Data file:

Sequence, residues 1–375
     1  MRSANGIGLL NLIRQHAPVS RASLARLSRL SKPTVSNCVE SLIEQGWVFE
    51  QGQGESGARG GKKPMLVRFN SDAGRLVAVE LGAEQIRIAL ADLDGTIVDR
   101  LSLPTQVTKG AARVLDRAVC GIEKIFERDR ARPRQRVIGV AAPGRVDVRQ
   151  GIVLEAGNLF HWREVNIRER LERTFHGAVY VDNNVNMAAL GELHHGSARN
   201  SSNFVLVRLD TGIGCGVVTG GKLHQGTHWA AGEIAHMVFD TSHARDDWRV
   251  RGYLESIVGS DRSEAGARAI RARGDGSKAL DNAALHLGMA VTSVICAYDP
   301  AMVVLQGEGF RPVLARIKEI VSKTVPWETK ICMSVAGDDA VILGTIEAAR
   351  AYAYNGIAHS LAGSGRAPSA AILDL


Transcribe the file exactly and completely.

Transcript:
Sequence, residues 1–375
     1  MRSANGIGLL NLIRQHAPVS RASLARLSRL SKPTVSNCVE SLIEQGWVFE
    51  QGQGESGARG GKKPMLVRFN SDAGRLVAVE LGAEQIRIAL ADLDGTIVDR
   101  LSLPTQVTKG AARVLDRAVC GIEKIFERDR ARPRQRVIGV AAPGRVDVRQ
   151  GIVLEAGNLF HWREVNIRER LERTFHGAVY VDNNVNMAAL GELHHGSARN
   201  SSNFVLVRLD TGIGCGVVTG GKLHQGTHWA AGEIAHMVFD TSHARDDWRV
   251  RGYLESIVGS DRSEAGARAI RARGDGSKAL DNAALHLGMA VTSVICAYDP
   301  AMVVLQGEGF RPVLARIKEI VSKTVPWETK ICMSVAGDDA VILGTIEAAR
   351  AYAYNGIAHS LAGSGRAPSA AILDL